This also happened immediately after the massacre of schoolchildren in Peshawar just over a month ago. In this case, the “[Indian] Hindu state” was blamed by many Muslim theorists.
Basically, whenever Muslims carry out a terrorist outrage in Europe or the United States, a conspiracy theory is quickly released (or concocted) which says that it wasn't Muslims “that done it”. (Usually Israelis/Jews/Zionists are blamed.) This was also true of London bombings, previous terrorist attacks in Paris, the Madrid train bombing, etc.
Indeed what many people may not know is that there are also many conspiracy theories about the London bombings of 2005. In other words, it's far from only being a 9/11 phenomenon.
(Check out this particular theory about the Paris killings; which mainly boils down to the fact that these conspiracists don't seem to realise that chrome mirrors on cars can change colour.)
On September 14, 2001, Pakistan's Major General Hamid Gul (former Director-General of the infamous ISI security/intelligence service) was reported (in Newsweek) as saying that “Mossad and its American associates are the obvious culprits [for 9/11]”.
He asked this very common question: “Who benefits from the crime?”
(There will be more on this particular 9/11 theory later.)
That's the central question most conspiracy theorists ask: Who is to gain from X?
So what about people having something to gain from conspiracy theories themselves? Or in Major General Hamid Gul's words: Who benefits from conspiracy theories?
Basically, X (the conspiracy theorist) has “something to gain” from saying that Y has something to gain from saying that Z committed the attack.
Indeed I believe that some – perhaps many – of the political disseminators and propagandists who plant these theories on the Internet and elsewhere don't themselves believe them! (They are, in other words, “lying for Justice”.)
Conspiracy theories are, after all, as easy to create as Tweets. It could take literally minutes to concoct one. (It may take longer to construct a believable one.) And if it furthers the theorist's political goal/s (or prejudices), then what's to stop him creating one?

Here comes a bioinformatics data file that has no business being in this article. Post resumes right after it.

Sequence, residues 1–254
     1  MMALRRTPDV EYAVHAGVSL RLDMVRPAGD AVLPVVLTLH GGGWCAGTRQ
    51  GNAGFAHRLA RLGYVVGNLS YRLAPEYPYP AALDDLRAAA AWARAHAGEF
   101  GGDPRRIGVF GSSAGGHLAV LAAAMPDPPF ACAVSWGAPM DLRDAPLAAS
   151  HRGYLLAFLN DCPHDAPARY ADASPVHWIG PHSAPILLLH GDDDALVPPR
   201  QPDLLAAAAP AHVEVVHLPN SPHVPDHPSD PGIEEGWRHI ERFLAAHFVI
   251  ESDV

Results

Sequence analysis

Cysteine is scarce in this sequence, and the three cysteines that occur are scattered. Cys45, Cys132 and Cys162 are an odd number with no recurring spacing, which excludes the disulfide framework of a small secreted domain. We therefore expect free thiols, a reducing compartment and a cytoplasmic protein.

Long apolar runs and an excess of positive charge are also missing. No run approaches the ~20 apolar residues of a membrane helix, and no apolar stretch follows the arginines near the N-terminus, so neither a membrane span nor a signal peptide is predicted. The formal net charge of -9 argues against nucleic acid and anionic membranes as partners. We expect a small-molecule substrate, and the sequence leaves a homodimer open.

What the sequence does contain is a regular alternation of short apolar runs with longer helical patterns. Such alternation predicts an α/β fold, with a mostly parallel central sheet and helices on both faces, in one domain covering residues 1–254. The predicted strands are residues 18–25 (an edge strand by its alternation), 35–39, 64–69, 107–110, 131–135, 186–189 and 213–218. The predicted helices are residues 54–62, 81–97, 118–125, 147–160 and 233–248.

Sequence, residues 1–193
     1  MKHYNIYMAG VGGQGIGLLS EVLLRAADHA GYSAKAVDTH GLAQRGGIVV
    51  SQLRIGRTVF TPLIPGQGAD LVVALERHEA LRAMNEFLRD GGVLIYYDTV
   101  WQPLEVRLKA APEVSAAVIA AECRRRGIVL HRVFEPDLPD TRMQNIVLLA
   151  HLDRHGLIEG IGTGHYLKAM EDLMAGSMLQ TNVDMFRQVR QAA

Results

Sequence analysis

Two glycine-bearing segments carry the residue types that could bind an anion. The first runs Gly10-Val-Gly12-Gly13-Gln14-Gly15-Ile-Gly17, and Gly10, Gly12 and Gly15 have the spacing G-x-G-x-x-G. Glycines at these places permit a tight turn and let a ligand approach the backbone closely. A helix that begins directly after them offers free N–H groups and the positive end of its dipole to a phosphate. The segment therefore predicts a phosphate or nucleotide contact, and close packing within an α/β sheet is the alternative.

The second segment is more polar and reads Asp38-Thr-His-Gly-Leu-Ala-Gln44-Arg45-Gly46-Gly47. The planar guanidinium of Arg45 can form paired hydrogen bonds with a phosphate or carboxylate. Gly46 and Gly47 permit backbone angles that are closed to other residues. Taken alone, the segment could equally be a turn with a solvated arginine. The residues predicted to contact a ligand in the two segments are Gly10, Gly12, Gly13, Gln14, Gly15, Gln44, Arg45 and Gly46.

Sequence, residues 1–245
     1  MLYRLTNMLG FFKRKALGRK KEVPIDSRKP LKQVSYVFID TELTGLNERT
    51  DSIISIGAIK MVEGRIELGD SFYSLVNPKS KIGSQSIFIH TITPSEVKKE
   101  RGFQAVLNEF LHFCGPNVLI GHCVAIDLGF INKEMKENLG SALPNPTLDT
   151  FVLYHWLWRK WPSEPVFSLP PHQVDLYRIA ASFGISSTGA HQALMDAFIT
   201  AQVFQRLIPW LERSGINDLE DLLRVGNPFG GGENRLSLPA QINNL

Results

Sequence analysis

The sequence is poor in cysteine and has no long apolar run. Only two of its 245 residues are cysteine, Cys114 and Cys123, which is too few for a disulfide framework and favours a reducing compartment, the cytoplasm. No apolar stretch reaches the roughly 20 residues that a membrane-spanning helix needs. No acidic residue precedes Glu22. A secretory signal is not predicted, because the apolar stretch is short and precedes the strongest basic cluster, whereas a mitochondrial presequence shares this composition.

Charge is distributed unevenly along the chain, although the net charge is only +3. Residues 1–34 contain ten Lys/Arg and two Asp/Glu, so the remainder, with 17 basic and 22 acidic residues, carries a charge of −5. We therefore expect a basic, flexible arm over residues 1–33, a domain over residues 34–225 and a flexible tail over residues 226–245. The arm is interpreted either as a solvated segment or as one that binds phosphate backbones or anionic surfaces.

You can then guarantee that at least some theories will spread themselves over the Internet. It's just so damn easy to spread them!
(None of these points, incidentally, require a denial that states and politicians conspire - they do.)
9/11: The Jews done it!
Let's take the case of one conspiracy theory that became very popular at one time - and still is in some circles.
This is the theory that “Jewish” or “Israeli” (depending on the particular rendition of the theory) workers in the World Trade Center and the Pentagon were given advanced warning of the impending 9/11 attack.
So I wonder what National/International Socialist “anti-Zionists” think of the fact that their conspiracy about Jewish or Israeli workers being forewarned was actually started by Syria's government-owned Al Thawra newspaper (penned without 24 hours of 9/11) and Hezbollah's Al Manar network (disseminated six days later)?
Anyway, that's how the story was spread.
What were the origins of this story? (Though sometimes conspiracy theories don't have evidential origins as such; they just appear out of the conspiracy theorist's hat.)
The story had it that the Israeli foreign ministry had gathered the names of four thousand Jews thought to have been in the vicinity of the World Trade Center and the Pentagon on the morning of September 11. The problem for the conspiracy theorists was that this bit of information-gathering occurred after the 9/11 attacks, not before.
Consequently, it was one small step in Hezbollah's mind - and, later, in the minds of Middle Eastern (Muslim) news agencies - to say that the Israeli information-gathering occurred before - not after - the attack. It's almost certainly the case that some - or many - Hezbollah journalists and conspiracy theorists actually knew this to be the case; though that didn't matter to them.